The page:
2 What is a mixture?When two or more materials or substances are mixed together but do not chemically combine.This means they retain their original properties.This means they can be separated by physical means.
3 What are the different ways of separating mixtures? MagnetismHand separationFiltrationSifting or sievingExtraction and evaporationChromatography
4 Hand separation Separating the parts of a mixture by hand. Only useful when the particles are large enough to be seen clearly.Useful for: separating parts of a salad.
5 Example of hand separation: Using your fork to separate tomatoes, lettuce, cucumber, onions, etc. in your salad.
6 FiltrationUsed when separating a solid substance from a fluid (a liquid or a gas) by passing a mixture through a porous material such as a type of filter.Works by letting the fluid pass through but not the solid.Examples of filters: coffee filter, cloth, oil filter, even sand!
7 Example of filtration: Using a coffee filter to separate the coffee flavor from the coffee beans.
8 Sifting or sievingUsed to separate a dry mixture which contains substances of different sizes by passing it through a sieve, a device containing tiny holes.
9 Example of sifting/sieving: Using a sieve to separate sand from pebbles.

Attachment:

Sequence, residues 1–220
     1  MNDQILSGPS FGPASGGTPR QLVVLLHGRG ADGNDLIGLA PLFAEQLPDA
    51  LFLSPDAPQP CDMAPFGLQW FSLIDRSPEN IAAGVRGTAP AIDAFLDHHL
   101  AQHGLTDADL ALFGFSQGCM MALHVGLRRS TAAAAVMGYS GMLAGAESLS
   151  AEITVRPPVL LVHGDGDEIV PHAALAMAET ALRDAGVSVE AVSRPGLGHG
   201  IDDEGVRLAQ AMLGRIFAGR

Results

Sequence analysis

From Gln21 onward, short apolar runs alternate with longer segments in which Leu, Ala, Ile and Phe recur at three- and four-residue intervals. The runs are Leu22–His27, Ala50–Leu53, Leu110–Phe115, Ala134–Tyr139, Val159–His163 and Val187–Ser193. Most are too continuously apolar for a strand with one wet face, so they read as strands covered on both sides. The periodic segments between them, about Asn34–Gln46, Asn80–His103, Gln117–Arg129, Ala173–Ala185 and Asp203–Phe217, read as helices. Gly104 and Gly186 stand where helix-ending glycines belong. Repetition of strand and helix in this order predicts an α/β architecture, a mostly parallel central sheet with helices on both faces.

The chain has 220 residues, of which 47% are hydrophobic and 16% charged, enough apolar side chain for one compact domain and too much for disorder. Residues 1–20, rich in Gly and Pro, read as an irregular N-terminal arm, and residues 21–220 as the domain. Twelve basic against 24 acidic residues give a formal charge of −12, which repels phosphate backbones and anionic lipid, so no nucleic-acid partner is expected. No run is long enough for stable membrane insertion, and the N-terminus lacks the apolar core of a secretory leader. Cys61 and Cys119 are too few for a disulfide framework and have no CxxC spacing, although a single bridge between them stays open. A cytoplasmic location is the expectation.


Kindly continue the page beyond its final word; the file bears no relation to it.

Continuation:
10 ExtractionUsed to separate an insoluble solid (something that doesn’t dissolve in a liquid) from a soluble solid (something that DOES dissolve in a liquid). Done by adding a solvent (liquid that does the dissolving) to the mixture. Then pouring the liquid through a filter.
11 Example of extractionWith a mixture of sugar and sand, pouring water in the mixture which causes the sugar to dissolve. Then pouring the solution through a filter, causing the sand to separate from the sugar water.
12 EvaporationAllowing the liquid to evaporate, leaving the soluble solid behind.Example: heating sugar water. The water evaporates and the sugar crystals are left behind.
13 Example of using extraction and evaporation together: Using water to dissolve sugar, then letting the water evaporate, leaving the sugar behind.
14 MagnetismIf one component of the mixture has magnetic properties, you could use a magnet to separate the mixture. Iron, nickel, and cobalt are all materials that are magnetic.Not all metals are magnetic: gold, silver, and aluminum are examples of metals that are not magnetic.
15 Example of magnetismUsing a magnet to separate nails from wood chips.
16 ChromatographyUsed to separate dissolved substances in a solution from each other.MixtureComponentsSeparationStationary PhaseMobile Phase
17 Example of chromatography: Using chromatography paper to separate ink into its original components.